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Congress

Pussy Riot Goes to Washington

Members of the Russian punk group came to Congress with a list of Russian officials they want sanctioned.

Nadya Tolokonnikova and Maria Alyokhina, members of Pussy Riot, answer questions after meeting with senators at the Capitol on Tuesday.(Win McNamee/Getty Images)

photo of Elahe Izadi
May 6, 2014

Congress went punk for a day, in the name of human rights.

Members of Pussy Riot met with lawmakers on Capitol Hill on Tuesday, in an effort to highlight human-rights abuses in Russia. They also came armed with a list of 16 Russian authorities they want sanctioned by the United States for human-rights abuses.

"We have to talk about these people. We have to talk about political prisoners," Maria Alyokhina said through a translator. "Silence is the most dangerous thing for political prisoners, and if we allow these people to be forgotten, they might be killed."

 

Their list includes Interior Minister Vladimir Kolokoltsev and five judges, one of whom was involved in the Pussy Riot case. Alyokhina and Nadya Tolokonnikova spent nearly two years in a Russian penal colony after performing an anti-Putin song in a Russian church in 2012.

"One of the main slogans of President Putin is stability, whereas today we can state that Putin is leading Russia not to stability but to instability and chaos," Tolokonnikova said through a translator.

The members of the Russian punk-rock group were invited to the Hill by two Helsinki Commission members, Democratic Sen. Ben Cardin of Maryland and Rep. Steve Cohen of Tennessee. "These women are heroes to people around the globe," Cohen said. 

The names the women brought will be used, as lawmakers consider whether more individuals should be added to the list of those sanctioned under the Magnitsky Act, Cardin said. Passed in 2012, the law bans U.S. travel by certain Russian human-rights violators and freezes their American bank accounts.

The band members met privately with lawmakers and spoke about what they endured in Russia; they also discussed crackdowns on the LGBT community, NGOs, bloggers, and others.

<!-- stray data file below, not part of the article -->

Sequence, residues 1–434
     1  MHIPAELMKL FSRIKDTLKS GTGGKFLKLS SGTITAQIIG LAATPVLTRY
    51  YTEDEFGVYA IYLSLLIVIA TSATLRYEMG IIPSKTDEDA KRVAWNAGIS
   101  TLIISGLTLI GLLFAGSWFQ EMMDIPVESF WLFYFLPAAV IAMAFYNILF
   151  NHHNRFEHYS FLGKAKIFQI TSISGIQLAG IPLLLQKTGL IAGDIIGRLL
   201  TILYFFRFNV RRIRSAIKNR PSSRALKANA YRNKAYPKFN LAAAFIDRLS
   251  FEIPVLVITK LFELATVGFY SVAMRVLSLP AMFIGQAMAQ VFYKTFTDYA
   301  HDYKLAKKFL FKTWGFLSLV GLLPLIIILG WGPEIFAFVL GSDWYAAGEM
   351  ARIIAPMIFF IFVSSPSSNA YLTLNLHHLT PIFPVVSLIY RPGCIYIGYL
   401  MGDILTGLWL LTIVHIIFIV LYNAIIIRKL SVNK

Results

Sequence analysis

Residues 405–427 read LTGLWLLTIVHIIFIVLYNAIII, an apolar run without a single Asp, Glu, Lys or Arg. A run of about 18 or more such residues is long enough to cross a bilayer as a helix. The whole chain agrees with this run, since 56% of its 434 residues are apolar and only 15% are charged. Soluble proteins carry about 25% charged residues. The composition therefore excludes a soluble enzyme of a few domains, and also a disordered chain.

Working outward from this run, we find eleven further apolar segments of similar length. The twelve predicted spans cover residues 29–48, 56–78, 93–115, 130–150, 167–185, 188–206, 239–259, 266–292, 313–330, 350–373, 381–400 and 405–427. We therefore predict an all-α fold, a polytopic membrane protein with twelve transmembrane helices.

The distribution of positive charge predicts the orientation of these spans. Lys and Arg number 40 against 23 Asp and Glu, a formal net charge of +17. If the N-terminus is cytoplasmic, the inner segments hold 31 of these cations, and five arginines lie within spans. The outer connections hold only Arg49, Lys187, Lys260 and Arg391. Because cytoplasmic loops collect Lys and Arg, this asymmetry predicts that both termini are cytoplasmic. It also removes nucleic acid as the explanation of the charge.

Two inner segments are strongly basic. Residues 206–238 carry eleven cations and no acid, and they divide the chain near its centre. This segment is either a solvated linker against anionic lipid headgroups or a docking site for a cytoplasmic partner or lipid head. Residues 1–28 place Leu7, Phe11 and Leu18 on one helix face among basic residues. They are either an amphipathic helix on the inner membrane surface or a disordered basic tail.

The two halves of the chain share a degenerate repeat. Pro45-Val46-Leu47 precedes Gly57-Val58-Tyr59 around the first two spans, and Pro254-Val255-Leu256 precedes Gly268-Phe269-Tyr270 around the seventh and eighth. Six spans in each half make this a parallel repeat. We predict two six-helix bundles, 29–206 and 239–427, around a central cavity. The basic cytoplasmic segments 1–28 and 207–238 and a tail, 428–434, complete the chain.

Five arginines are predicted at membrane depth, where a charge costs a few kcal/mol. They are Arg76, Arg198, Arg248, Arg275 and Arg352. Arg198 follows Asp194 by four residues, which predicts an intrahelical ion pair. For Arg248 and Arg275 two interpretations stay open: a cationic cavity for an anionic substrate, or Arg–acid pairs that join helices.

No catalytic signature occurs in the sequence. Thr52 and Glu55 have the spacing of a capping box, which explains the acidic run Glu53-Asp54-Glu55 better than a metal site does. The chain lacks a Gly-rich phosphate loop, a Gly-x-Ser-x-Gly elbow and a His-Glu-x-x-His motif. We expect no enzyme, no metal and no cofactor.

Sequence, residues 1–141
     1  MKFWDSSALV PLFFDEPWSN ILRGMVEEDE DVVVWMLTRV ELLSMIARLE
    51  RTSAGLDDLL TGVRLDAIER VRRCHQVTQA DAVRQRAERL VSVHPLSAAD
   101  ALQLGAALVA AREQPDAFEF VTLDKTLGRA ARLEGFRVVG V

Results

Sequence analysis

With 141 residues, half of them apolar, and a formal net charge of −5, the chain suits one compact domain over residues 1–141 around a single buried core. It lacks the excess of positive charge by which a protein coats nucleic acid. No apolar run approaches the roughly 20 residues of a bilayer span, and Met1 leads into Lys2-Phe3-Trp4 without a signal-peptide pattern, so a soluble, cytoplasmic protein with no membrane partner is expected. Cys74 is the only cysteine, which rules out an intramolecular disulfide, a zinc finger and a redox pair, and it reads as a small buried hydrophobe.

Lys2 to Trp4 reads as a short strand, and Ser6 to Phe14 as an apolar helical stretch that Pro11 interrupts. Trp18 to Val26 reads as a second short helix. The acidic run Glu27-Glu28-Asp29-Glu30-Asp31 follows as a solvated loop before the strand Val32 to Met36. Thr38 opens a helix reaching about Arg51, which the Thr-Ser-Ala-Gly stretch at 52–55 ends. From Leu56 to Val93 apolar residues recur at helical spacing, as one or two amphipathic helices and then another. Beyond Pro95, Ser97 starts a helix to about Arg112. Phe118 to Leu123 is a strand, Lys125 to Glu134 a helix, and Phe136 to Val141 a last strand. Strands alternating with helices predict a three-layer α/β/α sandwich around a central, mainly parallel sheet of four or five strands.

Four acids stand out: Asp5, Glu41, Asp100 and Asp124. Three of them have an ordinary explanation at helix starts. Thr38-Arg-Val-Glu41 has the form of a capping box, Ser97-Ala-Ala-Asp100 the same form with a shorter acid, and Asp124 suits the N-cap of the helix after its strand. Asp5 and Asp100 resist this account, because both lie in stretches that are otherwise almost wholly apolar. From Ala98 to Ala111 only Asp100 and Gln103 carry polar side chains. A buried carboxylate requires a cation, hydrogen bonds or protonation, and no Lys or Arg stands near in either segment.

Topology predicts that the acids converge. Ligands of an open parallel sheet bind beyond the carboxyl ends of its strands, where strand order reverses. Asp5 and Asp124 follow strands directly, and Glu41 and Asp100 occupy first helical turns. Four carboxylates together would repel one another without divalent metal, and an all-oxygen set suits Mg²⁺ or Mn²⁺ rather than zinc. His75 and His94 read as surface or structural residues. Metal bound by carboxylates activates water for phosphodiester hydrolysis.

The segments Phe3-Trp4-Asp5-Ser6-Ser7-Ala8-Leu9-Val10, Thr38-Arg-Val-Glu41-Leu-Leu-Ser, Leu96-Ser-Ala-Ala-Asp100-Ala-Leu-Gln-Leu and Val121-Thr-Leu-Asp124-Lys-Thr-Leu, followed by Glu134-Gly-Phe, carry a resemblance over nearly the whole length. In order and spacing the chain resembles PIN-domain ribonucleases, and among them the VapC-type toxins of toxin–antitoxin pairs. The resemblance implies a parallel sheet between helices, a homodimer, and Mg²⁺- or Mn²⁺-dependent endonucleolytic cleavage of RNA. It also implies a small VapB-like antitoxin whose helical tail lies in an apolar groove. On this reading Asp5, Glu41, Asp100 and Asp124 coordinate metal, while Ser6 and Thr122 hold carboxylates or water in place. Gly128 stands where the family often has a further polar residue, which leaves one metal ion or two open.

"It puts a face on what we've heard, and you can see the pain in their faces as to what they went through," Cardin said. "It always amazes me, the personal courage and determination of young, talented people who put their lives at risk in order to help others, and that's clearly what they're doing."

The band is actually a performance-art collective of many individuals, but the two imprisoned members became internationally known after their conviction on charges of "hooliganism" and inciting religious hatred. Their songs are posted on the Internet for free, and they stage guerrilla-style performances.

On Monday, Putin signed into law a ban on obscenities in the arts.

"My wish is someone could make a Pussy Riot song with a lot of obscenities, post it to the Internet, and see what happens," Tolokonnikova said.

The women were also in the U.S. to attend the PEN Literary Gala in New York on Monday.

Russian authorities' treatment of Pussy Riot has sparked bipartisan congressional outrage before—although many members have refrained from saying the band's actual name. (For what it's worth, Cardin did refer to the band by name numerous times Tuesday).

Republican Sen. Chuck Grassley if Iowa has tweeted about the "ridiculous sentence given punk band members." And in a January floor speech, Republican Sen. Ted Cruz of Texas said, "I'm going to declaim from articulating their name and leave it to other sources. But it says something that the government of Russia views the persecution of punk-rock bands as within its purview and perfectly appropriate." 

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